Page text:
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Oncol Rep. 2016 Feb;35(2):1020-6. doi: 10.3892/or.2015.4440. Epub 2015 Nov 20.

Hispolon from Phellinus linteus induces apoptosis and sensitizes human cancer cells to the tumor necrosis factor-related apoptosis-inducing ligand through upregulation of death receptors.

Author information

1
Department of Biotechnology, Research Institute (RIBHS) and College of Biomedical and Health Science, Konkuk University, Chungju, Chungbuk 27478, Republic of Korea.
2
Discovery Research Center, C&C Research Laboratories, Suwon‑si, Gyeonggi‑do 440‑746, Republic of Korea.
3
College of Pharmacy, Keimyung University, Dalseo‑Gu, Daegu 704‑701, Republic of Korea.

Abstract

The tumor necrosis factor-related apoptosis-inducing ligand (TRAIL) is a potent anticancer agent possessing the ability to induce apoptosis in various cancer cells but not in non‑malignant cells. However, certain type of cancer cells are resistant to TRAIL‑induced apoptosis and some acquire resistance after the first treatment. So development of an agent that can reduce or avoid resistance in TRAIL‑induced apoptosis has garnered significant attention. The present study evaluated the anticancer potential of hispolon in TRAIL‑induced apoptosis and indicated hispolon can sensitize cancer cells to TRAIL. As the mechanism of action was examined, hispolon was found to activate caspase‑3, caspase‑8 and caspase‑9, while downregulating the expression of cell survival proteins such as cFLIP, Bcl‑2 and Bcl‑xL and upregulating the expression of Bax and truncated Bid. We also found hispolon induced death receptors in a non‑cell type‑specific manner. Upregulation of death receptors by hispolon was found to be p53-independent but linked to the induction of CAAT enhancer binding protein homologous protein (CHOP). Overall, hispolon was demonstrated to potentiate the apoptotic effects of TRAIL through downregulation of anti‑apoptotic proteins and upregulation of death receptors linked with CHOP and pERK elevation.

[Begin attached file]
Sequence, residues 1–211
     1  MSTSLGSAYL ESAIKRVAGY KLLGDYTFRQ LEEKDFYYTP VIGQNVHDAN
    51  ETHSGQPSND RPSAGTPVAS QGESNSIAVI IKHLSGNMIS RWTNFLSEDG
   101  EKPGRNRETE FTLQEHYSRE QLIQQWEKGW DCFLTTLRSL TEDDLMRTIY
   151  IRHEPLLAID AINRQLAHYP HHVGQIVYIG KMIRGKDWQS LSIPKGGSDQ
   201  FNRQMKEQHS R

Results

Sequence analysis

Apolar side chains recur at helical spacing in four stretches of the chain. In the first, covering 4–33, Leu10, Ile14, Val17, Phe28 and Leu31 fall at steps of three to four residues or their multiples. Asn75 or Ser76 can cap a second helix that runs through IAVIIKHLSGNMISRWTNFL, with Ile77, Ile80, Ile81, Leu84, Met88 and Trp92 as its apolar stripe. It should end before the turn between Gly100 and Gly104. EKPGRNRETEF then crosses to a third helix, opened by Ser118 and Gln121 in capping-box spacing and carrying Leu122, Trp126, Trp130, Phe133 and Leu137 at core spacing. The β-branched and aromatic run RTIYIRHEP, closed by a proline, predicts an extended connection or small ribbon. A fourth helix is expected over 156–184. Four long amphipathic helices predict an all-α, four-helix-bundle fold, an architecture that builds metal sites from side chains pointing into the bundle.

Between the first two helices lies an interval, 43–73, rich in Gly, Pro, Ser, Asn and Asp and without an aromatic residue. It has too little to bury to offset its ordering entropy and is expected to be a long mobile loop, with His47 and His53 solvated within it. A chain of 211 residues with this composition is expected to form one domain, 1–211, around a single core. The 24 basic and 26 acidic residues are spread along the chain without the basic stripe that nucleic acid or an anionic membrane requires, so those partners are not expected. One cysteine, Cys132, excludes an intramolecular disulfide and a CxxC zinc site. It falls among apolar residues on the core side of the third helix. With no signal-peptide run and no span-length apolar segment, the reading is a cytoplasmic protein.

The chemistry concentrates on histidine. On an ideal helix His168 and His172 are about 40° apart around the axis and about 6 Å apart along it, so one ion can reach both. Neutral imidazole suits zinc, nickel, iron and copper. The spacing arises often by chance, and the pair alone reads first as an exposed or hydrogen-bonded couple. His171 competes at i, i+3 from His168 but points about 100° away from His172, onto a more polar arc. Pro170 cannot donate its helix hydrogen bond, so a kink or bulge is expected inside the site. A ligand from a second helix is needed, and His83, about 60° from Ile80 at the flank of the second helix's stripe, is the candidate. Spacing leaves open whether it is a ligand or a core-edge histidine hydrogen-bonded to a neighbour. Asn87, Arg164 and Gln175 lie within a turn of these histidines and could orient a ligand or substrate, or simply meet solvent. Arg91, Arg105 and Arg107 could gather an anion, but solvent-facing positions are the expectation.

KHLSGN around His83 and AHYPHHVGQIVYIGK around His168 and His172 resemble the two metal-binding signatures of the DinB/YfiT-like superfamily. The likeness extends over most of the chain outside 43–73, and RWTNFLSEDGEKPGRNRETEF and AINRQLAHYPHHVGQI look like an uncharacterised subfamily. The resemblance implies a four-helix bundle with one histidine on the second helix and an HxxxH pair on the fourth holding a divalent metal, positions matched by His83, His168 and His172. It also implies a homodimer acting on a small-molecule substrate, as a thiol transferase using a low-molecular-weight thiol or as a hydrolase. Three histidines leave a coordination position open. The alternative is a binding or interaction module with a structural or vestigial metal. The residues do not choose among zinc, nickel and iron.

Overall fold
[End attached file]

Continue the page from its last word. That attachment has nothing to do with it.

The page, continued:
PMID:
26718925
DOI:
10.3892/or.2015.4440
[Indexed for MEDLINE]

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